19 May IRS Tax Withholding Estimator helps people get ready for the 2024 filing season; make sure withholding is right on 2023 paychecks
The Internal Revenue Service recently suggested taxpayers who filed or are about to file their 2022 tax return use the IRS Tax Withholding Estimator to help update the amount of tax to have taken out of their 2023 pay.
The IRS says now is a good time to use this online tool. The Tax Withholding Estimator, also available in Spanish, can help people adjust how much is withheld and could put more cash in their pocket or help them avoid a tax bill for 2023.
The Tax Withholding Estimator offers workers, retirees and the self-employed a step-by-step guide to effectively tailor the amount of income tax they have withheld from wages, pension and other income. It’s especially useful after a major life change such as marriage, divorce, home purchase, the birth or adoption of a child or a big change in income.
Benefits of using the Estimator
For employees, withholding is the amount of federal income tax taken out of their paycheck. Workers can use the results from the Tax Withholding Estimator to determine if they should complete a new Form W-4 and submit it to their employer. For example, checking withholding can:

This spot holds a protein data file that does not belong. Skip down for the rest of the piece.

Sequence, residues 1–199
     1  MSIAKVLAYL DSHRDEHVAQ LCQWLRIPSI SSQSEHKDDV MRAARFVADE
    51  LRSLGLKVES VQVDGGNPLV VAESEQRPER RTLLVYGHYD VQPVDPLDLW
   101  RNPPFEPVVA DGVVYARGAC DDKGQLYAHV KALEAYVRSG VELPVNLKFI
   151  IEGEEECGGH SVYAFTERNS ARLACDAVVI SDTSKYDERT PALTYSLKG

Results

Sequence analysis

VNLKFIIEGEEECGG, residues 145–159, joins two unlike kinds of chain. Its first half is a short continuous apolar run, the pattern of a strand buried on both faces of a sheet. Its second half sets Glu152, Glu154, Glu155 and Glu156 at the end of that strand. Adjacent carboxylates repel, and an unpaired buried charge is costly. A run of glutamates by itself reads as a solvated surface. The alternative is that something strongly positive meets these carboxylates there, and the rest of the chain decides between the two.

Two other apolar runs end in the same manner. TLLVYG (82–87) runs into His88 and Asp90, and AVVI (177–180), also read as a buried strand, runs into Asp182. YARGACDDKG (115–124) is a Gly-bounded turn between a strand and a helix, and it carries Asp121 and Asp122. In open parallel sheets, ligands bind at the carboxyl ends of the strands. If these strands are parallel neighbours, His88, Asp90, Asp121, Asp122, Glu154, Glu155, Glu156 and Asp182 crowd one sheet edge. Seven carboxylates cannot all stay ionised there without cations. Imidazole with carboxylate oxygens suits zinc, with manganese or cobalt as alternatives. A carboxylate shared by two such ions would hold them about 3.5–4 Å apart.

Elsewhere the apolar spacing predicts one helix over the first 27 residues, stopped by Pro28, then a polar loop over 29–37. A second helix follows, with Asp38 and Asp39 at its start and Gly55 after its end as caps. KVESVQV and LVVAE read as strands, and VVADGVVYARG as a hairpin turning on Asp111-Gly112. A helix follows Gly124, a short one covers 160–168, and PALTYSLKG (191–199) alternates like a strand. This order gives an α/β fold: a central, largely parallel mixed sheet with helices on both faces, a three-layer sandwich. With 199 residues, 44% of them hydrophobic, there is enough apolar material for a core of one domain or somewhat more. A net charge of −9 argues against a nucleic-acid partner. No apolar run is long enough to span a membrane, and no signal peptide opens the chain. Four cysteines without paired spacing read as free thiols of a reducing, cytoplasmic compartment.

- Ensure the right amount of tax is withheld and prevent an unexpected tax bill or penalty at tax time.
- Determine whether to have less tax withheld from each paycheck, boosting take-home pay and reducing refunds at tax time.
What records are needed?
The Tax Withholding Estimator’s results are only as accurate as the information entered. To help prepare, the IRS recommends taxpayers gather:
- Their most recent pay statements and, if married, statements for their spouse.
- Information for other sources of income.
- Their most recent income tax return.
Withholding or estimated payments?
Income taxes must generally be paid as taxpayers earn or receive income throughout the year, through either withholding or estimated tax payments. If the amount of income tax withheld from one’s salary or pension is not enough, or if they receive other types of income such as interest, dividends, alimony, self-employment income, capital gains, prizes and awards, they may need to make estimated tax payments.
In 2023, taxpayers who receive more than $600 in income from third-party settlement organizations, including popular payment apps, may receive Form 1099-Ks. Individual taxpayers can use the IRS online Interactive Tax Assistant to see if they’re required to pay estimated taxes. Good recordkeeping is key.
People with complex tax situations should instead use the instructions in Publication 505, Tax Withholding and Estimated Tax. This includes taxpayers who owe alternative minimum tax or certain other taxes and people with long-term capital gains or qualified dividends.
Original content by irs.gov. This information is provided with the understanding that Payroll Partners is not rendering legal, human resources, or other professional advice or service. Professional advice on specific issues should be sought from a lawyer, HR consultant or other professional.